Ensuring and maintaining the highest standards of integrity, accuracy and reliability throughout the forensic chain is imperative for forensic findings to withstand court scrutiny. For any quality system to be effective, it must be assured at every level, understood and implemented in every task by every lab employee involved in the forensic process from beginning to end. An individual can wreak havoc in the chain. Top management’s commitment to the highest level of service provision and testing quality cannot be overstated. A lack of commitment or lip service to quality by top management can result in laboratory-wide flaws and systemic failures, resulting in far-reaching consequences and serious repercussions for the justice system.
A quality management system in a forensic laboratory ensures the consistency and conformity of forensic science services to a pre-defined set of standards, customer expectations, and the local law. It ensures that laboratory analyses are accurate and repeatable, and customer requirements are met or better still – exceeded. Commitment to quality must also be enforced through continual process improvement, and problem prevention and correction.
The internationally accepted quality standard for testing and calibration laboratories is the ISO/IEC 17025 standard “General Requirements for the Competence of Testing and Calibration Laboratories”. The general requirements within this standard are customised to forensic analysis by the ILAC-G19:2002 guidance document “Guidelines for Forensic Science Laboratories”, and additional forensic criteria such as the ASCLD/LAB Supplemental Requirements. Quality management in most forensic laboratories is based on this standard, as well as forensic-specific supplemental standards, Scientific Work Group guidelines, published best practices and standard test methods. All these are used in conjunction with the laboratory’s policies and procedures, and local laws and regulations.
The quality system in a forensic laboratory comprises four broad categories:
The Forensic Chain: A contractual agreement between a customer and the laboratory marks the start of a case. It is of paramount importance that the integrity of evidence is preserved. Written procedures for scene processing, transport, receipt, handling, protection, storage, retention and disposal of samples must be implemented and adhered to. Evidentiary items are properly identified and packed, and a Chain of Custody Log records and tracks the receipt and internal transfers of these items during the course of analyses and examinations. The primary work product of the analyses and examinations of physical evidence is the forensic report, which serves to communicate the analytical results, interpretations and conclusion in a clear and objective manner. Forensic reports can influence court decisions and are often subject to intense scrutiny in court. The final quality control check comes in the form of a report review where any non-conformity discovered is discussed with the reporting forensic scientist and resolved by corrective action.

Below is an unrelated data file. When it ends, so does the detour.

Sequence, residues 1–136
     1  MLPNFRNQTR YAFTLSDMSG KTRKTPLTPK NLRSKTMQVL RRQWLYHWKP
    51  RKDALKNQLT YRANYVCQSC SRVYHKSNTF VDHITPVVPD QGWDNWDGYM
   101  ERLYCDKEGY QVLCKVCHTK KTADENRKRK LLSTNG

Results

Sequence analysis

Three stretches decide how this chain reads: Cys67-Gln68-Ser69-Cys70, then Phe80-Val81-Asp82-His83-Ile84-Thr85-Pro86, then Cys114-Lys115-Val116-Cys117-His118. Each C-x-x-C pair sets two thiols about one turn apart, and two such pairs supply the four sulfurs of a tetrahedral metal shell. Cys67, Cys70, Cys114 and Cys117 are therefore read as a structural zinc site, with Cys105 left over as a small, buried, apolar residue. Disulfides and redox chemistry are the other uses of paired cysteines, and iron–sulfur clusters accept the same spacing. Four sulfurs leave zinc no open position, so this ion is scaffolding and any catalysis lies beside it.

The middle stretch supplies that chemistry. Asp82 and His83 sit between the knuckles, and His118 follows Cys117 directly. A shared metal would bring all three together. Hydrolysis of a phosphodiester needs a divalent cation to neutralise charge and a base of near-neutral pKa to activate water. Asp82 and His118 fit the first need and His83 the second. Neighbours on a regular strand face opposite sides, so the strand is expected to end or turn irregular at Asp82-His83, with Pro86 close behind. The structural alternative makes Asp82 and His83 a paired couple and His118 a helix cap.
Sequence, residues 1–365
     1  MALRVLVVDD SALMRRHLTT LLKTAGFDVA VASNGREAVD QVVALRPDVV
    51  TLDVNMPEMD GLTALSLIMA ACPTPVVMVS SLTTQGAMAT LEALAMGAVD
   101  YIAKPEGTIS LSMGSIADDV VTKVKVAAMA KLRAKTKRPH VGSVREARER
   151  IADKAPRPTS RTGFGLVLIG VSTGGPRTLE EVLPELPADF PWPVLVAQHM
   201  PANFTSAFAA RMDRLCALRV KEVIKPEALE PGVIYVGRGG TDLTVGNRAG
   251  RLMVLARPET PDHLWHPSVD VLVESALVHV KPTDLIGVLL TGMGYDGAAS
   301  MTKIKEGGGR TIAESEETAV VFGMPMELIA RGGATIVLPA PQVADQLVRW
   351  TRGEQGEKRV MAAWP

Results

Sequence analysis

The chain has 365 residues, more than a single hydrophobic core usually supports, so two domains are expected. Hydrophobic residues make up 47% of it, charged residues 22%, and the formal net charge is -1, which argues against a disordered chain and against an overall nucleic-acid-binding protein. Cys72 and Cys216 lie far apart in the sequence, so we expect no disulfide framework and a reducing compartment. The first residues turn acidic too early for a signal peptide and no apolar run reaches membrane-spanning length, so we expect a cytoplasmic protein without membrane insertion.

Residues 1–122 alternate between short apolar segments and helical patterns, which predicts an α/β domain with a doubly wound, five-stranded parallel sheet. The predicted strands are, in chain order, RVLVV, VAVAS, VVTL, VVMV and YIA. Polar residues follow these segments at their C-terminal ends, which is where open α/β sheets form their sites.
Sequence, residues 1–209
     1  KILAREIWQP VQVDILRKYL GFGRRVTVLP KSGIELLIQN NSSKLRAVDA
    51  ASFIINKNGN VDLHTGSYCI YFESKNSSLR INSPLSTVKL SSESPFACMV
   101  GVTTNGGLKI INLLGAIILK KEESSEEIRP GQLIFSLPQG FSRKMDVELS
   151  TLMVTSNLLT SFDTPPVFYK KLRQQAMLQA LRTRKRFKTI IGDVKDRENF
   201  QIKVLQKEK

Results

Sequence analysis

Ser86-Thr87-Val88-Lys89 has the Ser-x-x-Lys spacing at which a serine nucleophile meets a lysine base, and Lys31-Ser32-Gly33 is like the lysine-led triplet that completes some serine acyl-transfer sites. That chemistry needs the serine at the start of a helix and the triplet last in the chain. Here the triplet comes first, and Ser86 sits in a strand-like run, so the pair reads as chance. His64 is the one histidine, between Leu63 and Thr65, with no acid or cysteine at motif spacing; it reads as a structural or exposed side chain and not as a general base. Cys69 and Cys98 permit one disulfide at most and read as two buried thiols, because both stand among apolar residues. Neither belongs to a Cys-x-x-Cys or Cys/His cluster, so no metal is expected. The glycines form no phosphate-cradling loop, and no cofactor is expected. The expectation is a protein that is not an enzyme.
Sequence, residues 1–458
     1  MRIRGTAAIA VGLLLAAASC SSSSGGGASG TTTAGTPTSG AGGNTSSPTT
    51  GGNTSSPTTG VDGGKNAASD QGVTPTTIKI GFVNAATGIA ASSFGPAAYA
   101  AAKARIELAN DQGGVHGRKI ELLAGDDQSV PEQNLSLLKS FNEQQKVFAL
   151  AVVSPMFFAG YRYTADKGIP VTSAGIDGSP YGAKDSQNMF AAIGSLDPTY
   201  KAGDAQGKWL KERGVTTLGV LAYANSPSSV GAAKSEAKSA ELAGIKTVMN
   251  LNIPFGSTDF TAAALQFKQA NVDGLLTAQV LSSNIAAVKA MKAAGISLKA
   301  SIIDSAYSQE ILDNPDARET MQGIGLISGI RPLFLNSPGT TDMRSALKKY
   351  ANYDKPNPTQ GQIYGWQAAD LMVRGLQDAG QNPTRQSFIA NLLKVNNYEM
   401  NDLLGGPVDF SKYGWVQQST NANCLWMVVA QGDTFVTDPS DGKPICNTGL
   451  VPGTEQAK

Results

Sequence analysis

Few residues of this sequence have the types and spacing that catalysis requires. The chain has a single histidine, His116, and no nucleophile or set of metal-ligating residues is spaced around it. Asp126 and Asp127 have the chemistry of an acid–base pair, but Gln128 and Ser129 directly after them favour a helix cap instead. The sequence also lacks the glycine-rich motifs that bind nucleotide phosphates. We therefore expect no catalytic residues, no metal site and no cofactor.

Competency of Personnel: Personnel is the most important factor that affects the quality of forensic results. Personnel must possess the knowledge, skills, abilities, training and experience to perform assigned duties to the required standards. They obtain competency in an area of work through training as well as competency testing. Proficiency testing helps to ensure the quality of results, and evaluate the performance and capability of laboratory personnel on a regular and ongoing basis.
Laboratory Facilities, Equipment and Supplies: The security of evidentiary items and prevention from loss, contamination and deterioration are vital in a forensic laboratory. Critical environmental conditions are monitored, controlled and recorded to ensure reliability of test results. Equipment used for sample preparation, measurement and analysis are subjected to quality checks such as maintenance procedures, calibrations and performance checks to ensure that they are performing correctly.
Managing Non-Conforming Work: Having a well-designed and implemented quality system does not mean that a laboratory is immune to errors or lapses in quality. Prompt actions must be taken upon discovery of errors or lapses to rectify the situation. Non-conformity is managed by means of preventive actions, corrective actions, quality audits and reviews, and a continuous improvement culture.
Quality in a forensic laboratory is an ongoing process that requires the commitment of the whole laboratory to continuously improve its quality management system.